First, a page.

Camille is responsible for her two siblings after smallpox takes their parents. She does the hard work of turning scraps of metal into coins to buy food but it’s never enough. The bills pile. There is never enough to eat. Her brothers abusive behavior gets worse, leaving Camille to pick up the pieces.
To get herself and her little sister out of the pit they seem to be sinking further and further into, Camille turns to magic that her mother forbid her to use. She becomes someone new, a Baroness, and ventures into the palace of Versailles to gamble and glamor her cards into fortune. But it’s not nearly as easy as she assumes. The line she always saw between herself and the pampered, rich aristocrats and heirs at court becomes less and less evident. Magic is costing her. And she finds she’s not the only person at court who has magic in her blood to gamble with.
With love, freedom and safety at stake, Camille has a lot hanging in the balance should her secrets come to light.
Enchantee is all about contrasting and uniting people from opposite walks of life. The two sides of Paris. Lazare, the main love interest, with the two sides of himself that seem opposed as a biracial Indian and French man forced to ignore his Indian mothers heritage. Camille herself divided by her mothers aristocrat heritage and her fathers common. As a sister but also as a carer, almost a parental role. Trelease did a wonderful job at tying it all together and creating this continuous running theme and point of friction. Adding life and depth to the characters and providing a nice touch of diversity.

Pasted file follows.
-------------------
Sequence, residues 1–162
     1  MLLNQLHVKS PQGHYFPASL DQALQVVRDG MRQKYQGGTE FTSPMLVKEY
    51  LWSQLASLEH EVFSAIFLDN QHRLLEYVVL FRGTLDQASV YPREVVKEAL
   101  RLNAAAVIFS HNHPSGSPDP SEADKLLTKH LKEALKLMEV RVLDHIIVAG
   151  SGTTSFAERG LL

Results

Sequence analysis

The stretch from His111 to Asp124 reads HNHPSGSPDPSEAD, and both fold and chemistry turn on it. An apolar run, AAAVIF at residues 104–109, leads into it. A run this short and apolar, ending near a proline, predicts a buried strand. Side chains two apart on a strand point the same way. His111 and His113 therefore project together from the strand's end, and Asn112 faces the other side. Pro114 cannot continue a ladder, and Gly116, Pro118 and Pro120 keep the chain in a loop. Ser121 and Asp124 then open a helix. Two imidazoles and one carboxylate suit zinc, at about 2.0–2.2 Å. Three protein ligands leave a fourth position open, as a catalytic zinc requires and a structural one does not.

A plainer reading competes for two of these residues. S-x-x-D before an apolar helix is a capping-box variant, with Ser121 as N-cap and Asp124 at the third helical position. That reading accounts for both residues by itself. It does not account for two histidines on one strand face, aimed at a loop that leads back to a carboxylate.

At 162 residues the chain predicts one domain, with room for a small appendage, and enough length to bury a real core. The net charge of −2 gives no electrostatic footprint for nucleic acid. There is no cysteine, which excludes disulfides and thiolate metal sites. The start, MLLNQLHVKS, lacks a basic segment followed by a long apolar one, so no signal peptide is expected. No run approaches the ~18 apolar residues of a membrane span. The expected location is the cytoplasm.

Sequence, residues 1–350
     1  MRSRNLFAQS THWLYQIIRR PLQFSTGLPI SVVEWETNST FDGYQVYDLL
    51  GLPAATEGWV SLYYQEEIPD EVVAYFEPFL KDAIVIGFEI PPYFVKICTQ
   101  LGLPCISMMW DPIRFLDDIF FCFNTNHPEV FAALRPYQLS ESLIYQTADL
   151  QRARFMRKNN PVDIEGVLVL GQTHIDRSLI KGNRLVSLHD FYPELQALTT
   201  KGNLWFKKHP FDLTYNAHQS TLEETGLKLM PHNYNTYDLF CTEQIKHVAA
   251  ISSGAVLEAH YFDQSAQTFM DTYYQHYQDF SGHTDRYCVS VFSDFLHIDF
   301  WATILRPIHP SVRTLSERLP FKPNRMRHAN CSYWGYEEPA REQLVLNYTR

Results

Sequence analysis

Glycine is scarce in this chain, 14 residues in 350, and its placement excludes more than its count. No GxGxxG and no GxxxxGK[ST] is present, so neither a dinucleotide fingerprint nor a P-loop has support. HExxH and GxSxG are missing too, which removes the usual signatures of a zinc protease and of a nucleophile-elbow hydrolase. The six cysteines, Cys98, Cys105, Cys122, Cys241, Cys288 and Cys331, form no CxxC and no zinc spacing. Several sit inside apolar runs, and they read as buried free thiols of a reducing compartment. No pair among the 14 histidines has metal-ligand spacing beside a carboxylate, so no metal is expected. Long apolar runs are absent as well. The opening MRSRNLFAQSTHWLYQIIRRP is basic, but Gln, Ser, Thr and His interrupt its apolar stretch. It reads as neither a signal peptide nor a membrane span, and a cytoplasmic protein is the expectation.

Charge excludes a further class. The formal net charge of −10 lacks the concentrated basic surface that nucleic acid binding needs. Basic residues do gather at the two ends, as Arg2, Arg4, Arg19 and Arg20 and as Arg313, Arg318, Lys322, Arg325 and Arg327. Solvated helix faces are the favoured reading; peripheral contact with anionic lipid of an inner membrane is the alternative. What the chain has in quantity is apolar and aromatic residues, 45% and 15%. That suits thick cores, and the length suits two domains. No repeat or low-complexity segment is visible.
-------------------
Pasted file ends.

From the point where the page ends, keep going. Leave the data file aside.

The plot, while not unpredictable and sometimes slower moving than I’d have liked bogged down with a little too much detailed focus on the real historical events woven through the story, was easy enough to feel invested in.
The characters were mostly likeable. Camille was both respectable and easy to relate to as you see her hardships and dedication toward her family and her own survival.
Lazare and Camille were interesting counterparts. Similar in opposite ways. Though I didn’t like some of the ways in which they were kept apart (sometimes making Lazare seem unreasonable and unlikable), I felt like their draw toward each other and the romance was believable and came together in a satisfying enough way.
Glamor, magic, romance, friendship, family, hardship, obligation, heartbreak, abuse and poverty – it’s all there but could have done perhaps with a faster moving plot, less focus on the real history and a few surprises.
– 3/5 A rags to riches story, set in 1789 Paris, with a dash of magical fiction and real historical events woven throughout.